Making end-of-life decisions is difficult, but something many will face. I am privileged to provide compassionate care to those confronting these decisions as they enter the unfamiliar territory of facing mortality. As the chief physician assistant (PA) in hospice and palliative medicine at Carl T. Hayden VA Medical Center in Phoenix, Ariz., I'm committed to treating those diagnosed with chronic progressive illnesses that have advanced and become more burdensome, without curative options. Most of my patients are male, typically aged 65 or older, and are part of a growing demographic that will rely on our expertise in the future.
As America's population lives longer with chronic diseases, palliative medicine is an area with a projected provider shortage of nearly 18,000 positions. With the number of Certified PAs growing 44 percent in just six short years, this workforce can help meet the demand for medical providers in this area. They are already proving themselves in specialties outside of primary care, as data from the National Commission on Certification of Physician Assistants shows that over 70 percent of Certified PAs work in highly specialized areas of medicine. At the Phoenix VA, I am one of the PAs helping to build a trained workforce as an end-of-life care certified trainer on the palliative care team. Some of my training covers:
•Facilitating end of life discussions with patients.
•Developing mature, sensitive, and effective relationships with patients, families, and other providers involved in the care of the patients.
•Managing intractable symptoms.
•Coordinating additional care, such as spiritual and psychosocial assessments, to meet holistic patient needs.
As providers, it's our role to ensure patients have the best quality of life with whatever time they have left. We need to talk with patients about what they understand about their disease process, determine what is an acceptable quality of life for them based on their values and priorities, coordinate medical support they may need, and support their overall goals of care. It takes a team to provide comprehensive palliative care, and at the Phoenix VA, allied professionals coalesce to serve those who have selflessly served us.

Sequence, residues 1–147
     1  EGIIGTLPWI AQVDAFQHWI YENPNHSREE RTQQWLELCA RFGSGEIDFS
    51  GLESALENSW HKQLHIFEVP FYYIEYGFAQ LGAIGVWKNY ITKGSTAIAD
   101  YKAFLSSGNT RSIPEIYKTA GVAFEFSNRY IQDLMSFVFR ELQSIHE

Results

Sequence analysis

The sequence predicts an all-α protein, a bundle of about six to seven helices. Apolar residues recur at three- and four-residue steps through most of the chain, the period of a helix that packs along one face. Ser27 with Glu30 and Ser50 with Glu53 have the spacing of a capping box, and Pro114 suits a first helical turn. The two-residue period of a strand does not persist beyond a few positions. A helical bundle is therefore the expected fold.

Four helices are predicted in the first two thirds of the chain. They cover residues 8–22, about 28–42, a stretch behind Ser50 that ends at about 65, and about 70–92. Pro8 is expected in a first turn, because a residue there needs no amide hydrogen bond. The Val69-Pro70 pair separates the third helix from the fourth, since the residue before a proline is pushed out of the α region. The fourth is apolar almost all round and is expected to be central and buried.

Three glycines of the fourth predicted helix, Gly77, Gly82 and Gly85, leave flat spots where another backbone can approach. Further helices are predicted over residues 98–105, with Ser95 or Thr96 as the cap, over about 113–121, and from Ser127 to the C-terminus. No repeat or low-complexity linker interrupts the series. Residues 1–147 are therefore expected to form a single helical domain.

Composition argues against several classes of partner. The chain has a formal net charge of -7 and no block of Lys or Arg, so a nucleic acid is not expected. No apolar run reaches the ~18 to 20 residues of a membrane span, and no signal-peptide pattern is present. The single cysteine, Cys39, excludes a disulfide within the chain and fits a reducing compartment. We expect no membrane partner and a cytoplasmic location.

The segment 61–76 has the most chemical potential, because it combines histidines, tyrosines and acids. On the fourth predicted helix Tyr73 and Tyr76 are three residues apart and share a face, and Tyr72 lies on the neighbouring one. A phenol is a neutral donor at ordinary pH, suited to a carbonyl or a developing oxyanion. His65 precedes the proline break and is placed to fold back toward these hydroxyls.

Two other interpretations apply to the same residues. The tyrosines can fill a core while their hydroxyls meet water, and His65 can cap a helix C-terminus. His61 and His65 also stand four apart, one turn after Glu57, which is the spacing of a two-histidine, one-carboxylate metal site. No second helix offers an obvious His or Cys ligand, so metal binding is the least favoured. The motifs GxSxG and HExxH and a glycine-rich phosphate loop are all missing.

Though the work can be tremendously rewarding, it can also be intense and emotionally draining. Patient stories will undoubtedly affect medical providers, and they should practice and maintain self-care to prevent burnout. Delivering bad news is an interpersonal skill that must be learned and continuously honed. Through effective training and experience, healthcare professionals can become more comfortable having these difficult but critically important discussions with patients and families. I credit my own experience working in specialties such as urology, internal medicine (both outpatient and inpatient) and urgent care, to providing invaluable experience helpful to excel in palliative medicine.
Training healthcare providers to meet the demand of this rapidly growing field also supports an overarching goal to improve standards of palliative care and enact legislative change both locally and nationally. That's why I'm heavily active in PA and patient advocacy groups. As a member of Physician Assistants in Hospice and Palliative Medicine (PAHPM), I work to promote legislation related to PAs and palliative care. One piece of legislation I'm passionate about is the Palliative Care and Hospice Education and Training Act (PCHETA), a federal bill which calls for an "increase in funding for palliative care and hospice training for health care professionals, a national campaign to inform patients and families about the benefits of palliative care, and enhanced research on improving the delivery of palliative care."
As someone who served as chair of all PAs in the Phoenix VA healthcare system and as a representative to the VA Physician Assistant Professional Standards Board, I hope to help increase the scope of practice for PAs in the VA system and heighten awareness of the importance of end-of-life care.
Like most medical specialties, palliative care is an area best executed with an interdisciplinary healthcare team. With the advanced education and experience that affords flexibility of the career field, Certified PAs can bring vital expertise and skills to these palliative care teams.
Donna Seton, PA-C, has practiced palliative care since 2009. She was the first, and remains the only PA on the palliative care team at the Phoenix VA. In addition to her work at the VA, she educates medical students, residents, and PA students about palliative care, both as a preceptor and a guest lecturer at several universities in the Greater Phoenix area.
This blog is in partnership with the National Commission on Certification of Physician Assistants.